UNISON, also welcomed a number of other recommendations in the report, and said they wanted to take part in further debate on service provision.

Dave Watson said: “We are campaigning in our current Public Works campaign for quality, efficient and accountable services. We want to continue the debate with local authorities, the government, and the Parliament. This report, has some positive recommendations towards that end – like the recommendations against outsourcing as a cost-cutting exercise. It is a little disappointing therefore that the relevant trade unions are not mentioned as prospective partners for future discussions.”


For Further Information Please Contact:
Dave Watson (Scottish Organiser) 07958 122409 (m)
Chris Bartter (Communications Officer) 0771 558 3729(m)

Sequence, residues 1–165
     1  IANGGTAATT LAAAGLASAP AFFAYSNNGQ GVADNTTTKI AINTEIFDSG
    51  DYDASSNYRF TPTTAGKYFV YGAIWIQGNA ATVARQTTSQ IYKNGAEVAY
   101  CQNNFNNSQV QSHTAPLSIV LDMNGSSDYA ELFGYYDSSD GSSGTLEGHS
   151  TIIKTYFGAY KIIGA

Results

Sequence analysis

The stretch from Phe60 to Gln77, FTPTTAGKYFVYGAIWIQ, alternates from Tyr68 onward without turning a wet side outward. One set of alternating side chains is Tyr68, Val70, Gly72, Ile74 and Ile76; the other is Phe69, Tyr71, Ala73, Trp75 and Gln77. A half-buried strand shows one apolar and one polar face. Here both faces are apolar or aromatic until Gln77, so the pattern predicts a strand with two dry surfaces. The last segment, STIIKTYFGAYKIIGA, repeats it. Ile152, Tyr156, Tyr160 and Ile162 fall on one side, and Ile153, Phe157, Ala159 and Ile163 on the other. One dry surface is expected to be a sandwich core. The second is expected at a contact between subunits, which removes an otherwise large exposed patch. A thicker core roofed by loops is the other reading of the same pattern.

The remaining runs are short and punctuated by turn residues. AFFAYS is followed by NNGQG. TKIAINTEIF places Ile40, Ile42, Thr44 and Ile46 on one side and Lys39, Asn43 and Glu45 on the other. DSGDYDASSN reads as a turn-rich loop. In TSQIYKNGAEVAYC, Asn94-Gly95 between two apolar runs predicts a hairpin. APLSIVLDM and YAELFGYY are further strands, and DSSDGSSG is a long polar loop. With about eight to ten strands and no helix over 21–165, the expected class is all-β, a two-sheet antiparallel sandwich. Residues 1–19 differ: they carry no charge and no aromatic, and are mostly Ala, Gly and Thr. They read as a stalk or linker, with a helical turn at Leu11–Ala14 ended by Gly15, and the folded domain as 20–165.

Thursday, 21 January 2010

UNISON reaches out to community in campaign against cuts

Date: Thurs 21 January 2010

Glasgow City Council’s largest trade union is to reach out to community organizations and the people of Glasgow to build a broad campaign against the public service cuts being proposed by the council and its arms length trusts and companies.

The 12,000 strong city branch are organizing an open meeting for trade unions, public service workers, community organisations and the citizens of Glasgow on Saturday 23 January @ 11am, UNISON Branch office, 4th Floor (lift), 18 Albion Street, Candleriggs, Glasgow.

Cuts proposed by the council across Glasgow include:
* 12 Community Centres, a Pool and a Library to close
* Cuts in home care services and support to disabled people
* Welfare rights jobs lost and community workers cut by 50%
* Grants to voluntary and community organisations cut by 20% by 2013
* Over 600 jobs in the city lost